DSM-IV psychiatric disorder comorbidity and its correlates in binge eating disorder
Article first published online: 24 OCT 2008
Copyright © 2008 Wiley Periodicals, Inc.
International Journal of Eating Disorders
Volume 42, Issue 3, pages 228–234, April 2009
How to Cite
Grilo, C. M., White, M. A. and Masheb, R. M. (2009), DSM-IV psychiatric disorder comorbidity and its correlates in binge eating disorder. Int. J. Eat. Disord., 42: 228–234. doi: 10.1002/eat.20599
- Issue published online: 4 MAR 2009
- Article first published online: 24 OCT 2008
- Manuscript Accepted: 23 AUG 2008
- National Institutes of Health. Grant Numbers: R01 DK49587, R01 DK073542, K24 DK070052, K23 DK071646
- eating disorders;
- gender differences;
- substance use;
- psychiatric disorder
To assess DSM-IV lifetime and current psychiatric disorder comorbidity in patients with binge eating disorder (BED) and to examine associations of comorbidity with gender, selected historical obesity-related variables, and current eating disorder psychopathology.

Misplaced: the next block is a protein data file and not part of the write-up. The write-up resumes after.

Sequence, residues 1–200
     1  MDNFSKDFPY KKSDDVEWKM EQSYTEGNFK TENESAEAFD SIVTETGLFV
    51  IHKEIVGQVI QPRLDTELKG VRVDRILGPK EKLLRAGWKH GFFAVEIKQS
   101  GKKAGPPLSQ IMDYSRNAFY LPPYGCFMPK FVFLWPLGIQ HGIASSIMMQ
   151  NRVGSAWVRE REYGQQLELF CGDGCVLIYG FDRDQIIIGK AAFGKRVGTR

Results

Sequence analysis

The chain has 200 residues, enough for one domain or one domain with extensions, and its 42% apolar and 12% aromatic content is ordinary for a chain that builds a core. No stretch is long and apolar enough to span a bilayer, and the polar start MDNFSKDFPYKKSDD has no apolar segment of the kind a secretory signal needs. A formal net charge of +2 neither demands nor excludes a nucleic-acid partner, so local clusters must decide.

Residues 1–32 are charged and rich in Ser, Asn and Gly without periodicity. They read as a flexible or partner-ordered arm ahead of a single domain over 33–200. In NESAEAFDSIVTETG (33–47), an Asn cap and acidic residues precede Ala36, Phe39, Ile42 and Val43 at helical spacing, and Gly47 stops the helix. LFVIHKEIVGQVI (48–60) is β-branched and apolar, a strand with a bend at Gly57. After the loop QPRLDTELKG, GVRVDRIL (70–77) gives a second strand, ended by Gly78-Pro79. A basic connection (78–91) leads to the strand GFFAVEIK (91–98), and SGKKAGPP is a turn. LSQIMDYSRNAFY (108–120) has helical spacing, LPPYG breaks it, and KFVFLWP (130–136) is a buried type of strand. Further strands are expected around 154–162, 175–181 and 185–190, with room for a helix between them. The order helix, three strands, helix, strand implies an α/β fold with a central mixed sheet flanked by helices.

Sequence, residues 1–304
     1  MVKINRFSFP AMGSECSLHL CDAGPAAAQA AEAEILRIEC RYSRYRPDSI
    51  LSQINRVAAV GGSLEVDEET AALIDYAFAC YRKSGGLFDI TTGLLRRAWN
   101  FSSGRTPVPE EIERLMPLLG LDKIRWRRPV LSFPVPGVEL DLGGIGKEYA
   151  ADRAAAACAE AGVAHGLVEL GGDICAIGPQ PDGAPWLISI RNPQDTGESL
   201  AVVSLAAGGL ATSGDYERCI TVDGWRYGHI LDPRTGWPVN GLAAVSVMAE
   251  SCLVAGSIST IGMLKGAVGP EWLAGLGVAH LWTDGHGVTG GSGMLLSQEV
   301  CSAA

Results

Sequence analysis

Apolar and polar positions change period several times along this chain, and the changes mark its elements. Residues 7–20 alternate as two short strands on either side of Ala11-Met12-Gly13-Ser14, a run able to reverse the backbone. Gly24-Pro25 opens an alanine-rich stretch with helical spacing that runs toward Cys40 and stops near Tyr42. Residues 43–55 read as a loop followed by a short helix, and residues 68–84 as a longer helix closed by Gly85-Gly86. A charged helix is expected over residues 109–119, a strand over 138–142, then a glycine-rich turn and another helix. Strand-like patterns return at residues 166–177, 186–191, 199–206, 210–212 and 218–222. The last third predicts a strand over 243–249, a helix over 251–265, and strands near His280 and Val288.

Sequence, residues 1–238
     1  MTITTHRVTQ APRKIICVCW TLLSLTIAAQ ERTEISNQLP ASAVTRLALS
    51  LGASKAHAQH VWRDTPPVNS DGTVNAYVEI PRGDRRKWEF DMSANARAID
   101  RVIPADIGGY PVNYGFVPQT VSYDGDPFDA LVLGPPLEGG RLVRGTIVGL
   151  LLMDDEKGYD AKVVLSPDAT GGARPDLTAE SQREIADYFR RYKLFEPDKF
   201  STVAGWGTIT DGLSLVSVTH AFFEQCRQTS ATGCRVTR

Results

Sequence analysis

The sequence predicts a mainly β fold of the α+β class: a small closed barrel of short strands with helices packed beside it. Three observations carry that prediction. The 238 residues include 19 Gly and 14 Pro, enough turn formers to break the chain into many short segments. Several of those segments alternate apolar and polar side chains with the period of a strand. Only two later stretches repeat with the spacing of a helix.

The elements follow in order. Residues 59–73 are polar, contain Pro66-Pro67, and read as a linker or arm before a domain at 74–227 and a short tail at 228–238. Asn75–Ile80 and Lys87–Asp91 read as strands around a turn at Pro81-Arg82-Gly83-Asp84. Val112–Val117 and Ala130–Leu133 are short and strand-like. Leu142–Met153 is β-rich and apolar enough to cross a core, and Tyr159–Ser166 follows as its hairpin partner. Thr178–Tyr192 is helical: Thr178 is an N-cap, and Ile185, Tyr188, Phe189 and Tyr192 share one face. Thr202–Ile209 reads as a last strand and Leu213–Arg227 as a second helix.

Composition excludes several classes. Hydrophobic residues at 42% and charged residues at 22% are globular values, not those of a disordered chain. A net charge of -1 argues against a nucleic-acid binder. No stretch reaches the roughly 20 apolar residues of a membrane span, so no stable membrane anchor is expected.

A consecutive series of 404 patients with BED (310 women, 94 men) were reliably administered semistructured diagnostic and clinical interviews to assess DSM-IV psychiatric disorders and features of eating disorders.
Overall, 73.8% of patients with BED had at least one additional lifetime psychiatric disorder and 43.1% had at least one current psychiatric disorder. Lifetime-wise, mood (54.2%), anxiety (37.1%), and substance use (24.8%) disorders were most common. In terms of current comorbidity, mood (26.0%) and anxiety (24.5%) were most common. Few gender differences were observed; men had higher lifetime rates of substance use disorders and current rates of obsessive compulsive disorder. Patients with BED with current psychiatric comorbidity reported earlier age at first diet and higher “lifetime-high” BMI. Patients with current comorbidity also had significantly higher levels of current eating disorder psychopathology and negative affect and lower self-esteem relative to patients with BED with either lifetime (noncurrent) or no psychiatric histories.
Among treatment-seeking patients with BED, the presence of current psychiatric comorbidity is associated with greater eating disorder psychopathology and associated distress. © 2008 by Wiley Periodicals, Inc. Int J Eat Disord 2009